at the palms of surrender
Blue ships disappear there
swallowed by a red sun mouth
closing around them in prayer.
It’s grit your teeth time on the mountain—the season of no light and perma-snow. Even though the calendar says the light is returning–as does my good friend Tyler who first counts, then reports, the minutes on Facebook like announcing salvation–the 20ish minutes we’ve gained since the Solstice is not enough for me.
Mornings, I hover near the light box, hoping the blast of lumens will relieve the heaviness of the season and the persistent creeping sense of doom clouding my brain. It’s a tough time of year for nearly everyone, especially those of us not escaping to Mexico or Arizona or Florida for a dose of sun and warmth. The days can be crushing. My body feels hunched with the cold, fatted with heavy food. I tire of wearing so many clothes.
I learned a long time ago that when faced with some insurmountable something—let’s say a cabin fire, a lawsuit, a mother’s horrible decline–the best thing to do is surrender. It’s not giving up, but giving in, and I’ve been tangoing with it all my life. Daily, I must remind myself to let it be, no matter what it is.
I have a long-lost collection of poems called At the Palms of Surrender, poems I wrote in the early 90s, when I was in my late twenties, and spent a glorious few years studying with Lorna Dee Cervantes, Linda Hogan, and Lucia Berlin at the University of Colorado. Even then, surrender was on my mind. A decade later, I would lose the collection along with the rest of my writing when my cabin burned down. More surrender.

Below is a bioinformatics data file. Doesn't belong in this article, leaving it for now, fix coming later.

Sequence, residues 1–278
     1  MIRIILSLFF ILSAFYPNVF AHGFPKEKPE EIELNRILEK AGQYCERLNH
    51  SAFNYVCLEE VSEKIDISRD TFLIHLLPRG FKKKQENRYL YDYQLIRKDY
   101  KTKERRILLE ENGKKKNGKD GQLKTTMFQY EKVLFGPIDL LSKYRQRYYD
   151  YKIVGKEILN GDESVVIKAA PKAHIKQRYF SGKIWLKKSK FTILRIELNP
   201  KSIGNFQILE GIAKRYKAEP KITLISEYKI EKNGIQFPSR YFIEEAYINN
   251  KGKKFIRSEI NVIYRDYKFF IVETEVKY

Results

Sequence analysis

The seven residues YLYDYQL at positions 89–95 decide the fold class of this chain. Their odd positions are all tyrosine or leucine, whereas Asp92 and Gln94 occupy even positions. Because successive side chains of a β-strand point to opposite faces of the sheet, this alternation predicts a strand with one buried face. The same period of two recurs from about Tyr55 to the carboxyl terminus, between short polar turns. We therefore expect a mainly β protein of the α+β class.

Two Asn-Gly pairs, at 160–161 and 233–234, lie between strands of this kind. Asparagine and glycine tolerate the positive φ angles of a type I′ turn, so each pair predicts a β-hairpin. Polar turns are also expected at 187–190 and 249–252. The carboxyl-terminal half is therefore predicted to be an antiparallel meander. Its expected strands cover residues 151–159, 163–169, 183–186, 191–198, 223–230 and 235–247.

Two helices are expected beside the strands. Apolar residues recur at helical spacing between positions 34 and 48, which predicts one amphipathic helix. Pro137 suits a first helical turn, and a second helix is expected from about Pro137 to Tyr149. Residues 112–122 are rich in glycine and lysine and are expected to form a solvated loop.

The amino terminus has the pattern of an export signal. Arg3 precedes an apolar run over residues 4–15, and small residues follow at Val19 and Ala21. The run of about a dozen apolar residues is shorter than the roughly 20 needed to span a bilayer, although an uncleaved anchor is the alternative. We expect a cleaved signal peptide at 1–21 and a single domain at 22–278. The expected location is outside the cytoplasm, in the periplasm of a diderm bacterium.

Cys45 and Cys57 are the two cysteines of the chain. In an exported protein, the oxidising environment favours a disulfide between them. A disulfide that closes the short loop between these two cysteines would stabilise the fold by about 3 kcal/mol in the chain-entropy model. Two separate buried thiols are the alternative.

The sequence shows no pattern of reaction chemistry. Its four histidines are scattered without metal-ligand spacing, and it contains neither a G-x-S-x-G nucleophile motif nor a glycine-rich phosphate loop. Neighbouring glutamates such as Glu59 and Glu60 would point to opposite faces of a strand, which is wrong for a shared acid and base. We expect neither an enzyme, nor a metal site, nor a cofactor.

Just this week, I wrote the special collections at the library for a copy. It had never occurred to me to try to get the poems back. They were evidence of my young, awkward self—mostly self-indulgent and probably overwritten–and I considered the fire a watershed moment. My life was divided into before the fire and after it: What was gone was gone, forward was the way to go.
My younger self imagined surrender as giving in to the tides of memory and the body. Then, surrender meant revealing terrible secrets and unspoken desire. But now, after so much practice in facing one disaster after another, I understand surrender as simple acceptance. It’s no longer about doing something—giving in, it’s about being—sitting still.
I’ve been grinding my teeth through these dark winter days, holding my breath. January and February, in my book, are to be endured. I know it’s our resistance that kills us, but here I am doing just that. The only antidote I know is to stop anticipating and start gathering.
Suddenly, I look up from my computer, realizing I have just come through the most sustained writing I’ve done in months. The rising sun, which when I started cast pink shadows across the trunks of winter-bare aspens outside, is now well above the eastern range of hills, tracing a southern path across my window. To the west, light scatters over the snow and the faces of lodgepole and ponderosa on the hillside, making patterns that shift from moment to moment. One tree brightens after another like lights going on and off in the woods. I watch them for a long time. Above, the sky opens blue.